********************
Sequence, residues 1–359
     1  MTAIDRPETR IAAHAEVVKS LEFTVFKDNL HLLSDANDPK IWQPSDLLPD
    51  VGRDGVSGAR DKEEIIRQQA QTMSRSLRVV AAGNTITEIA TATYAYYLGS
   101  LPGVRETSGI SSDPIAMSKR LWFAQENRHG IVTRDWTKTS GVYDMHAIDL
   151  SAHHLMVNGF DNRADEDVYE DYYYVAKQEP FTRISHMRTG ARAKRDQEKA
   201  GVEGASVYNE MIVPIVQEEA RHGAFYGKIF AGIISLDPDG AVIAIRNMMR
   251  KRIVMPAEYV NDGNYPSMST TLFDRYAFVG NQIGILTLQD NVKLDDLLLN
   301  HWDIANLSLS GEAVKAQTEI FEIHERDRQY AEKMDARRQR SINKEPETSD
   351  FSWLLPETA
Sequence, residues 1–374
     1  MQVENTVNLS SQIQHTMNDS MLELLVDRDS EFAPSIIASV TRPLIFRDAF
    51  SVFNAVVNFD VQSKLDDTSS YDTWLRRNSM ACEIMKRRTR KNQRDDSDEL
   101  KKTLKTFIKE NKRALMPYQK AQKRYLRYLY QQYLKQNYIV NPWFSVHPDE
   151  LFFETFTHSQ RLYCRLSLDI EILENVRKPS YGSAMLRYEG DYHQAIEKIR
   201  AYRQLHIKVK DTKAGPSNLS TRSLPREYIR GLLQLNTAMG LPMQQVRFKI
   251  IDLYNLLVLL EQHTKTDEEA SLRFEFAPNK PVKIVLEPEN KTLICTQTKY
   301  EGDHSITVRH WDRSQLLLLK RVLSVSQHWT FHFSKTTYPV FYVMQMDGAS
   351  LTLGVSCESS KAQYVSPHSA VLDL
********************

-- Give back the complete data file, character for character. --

Sequence, residues 1–359
     1  MTAIDRPETR IAAHAEVVKS LEFTVFKDNL HLLSDANDPK IWQPSDLLPD
    51  VGRDGVSGAR DKEEIIRQQA QTMSRSLRVV AAGNTITEIA TATYAYYLGS
   101  LPGVRETSGI SSDPIAMSKR LWFAQENRHG IVTRDWTKTS GVYDMHAIDL
   151  SAHHLMVNGF DNRADEDVYE DYYYVAKQEP FTRISHMRTG ARAKRDQEKA
   201  GVEGASVYNE MIVPIVQEEA RHGAFYGKIF AGIISLDPDG AVIAIRNMMR
   251  KRIVMPAEYV NDGNYPSMST TLFDRYAFVG NQIGILTLQD NVKLDDLLLN
   301  HWDIANLSLS GEAVKAQTEI FEIHERDRQY AEKMDARRQR SINKEPETSD
   351  FSWLLPETA
Sequence, residues 1–374
     1  MQVENTVNLS SQIQHTMNDS MLELLVDRDS EFAPSIIASV TRPLIFRDAF
    51  SVFNAVVNFD VQSKLDDTSS YDTWLRRNSM ACEIMKRRTR KNQRDDSDEL
   101  KKTLKTFIKE NKRALMPYQK AQKRYLRYLY QQYLKQNYIV NPWFSVHPDE
   151  LFFETFTHSQ RLYCRLSLDI EILENVRKPS YGSAMLRYEG DYHQAIEKIR
   201  AYRQLHIKVK DTKAGPSNLS TRSLPREYIR GLLQLNTAMG LPMQQVRFKI
   251  IDLYNLLVLL EQHTKTDEEA SLRFEFAPNK PVKIVLEPEN KTLICTQTKY
   301  EGDHSITVRH WDRSQLLLLK RVLSVSQHWT FHFSKTTYPV FYVMQMDGAS
   351  LTLGVSCESS KAQYVSPHSA VLDL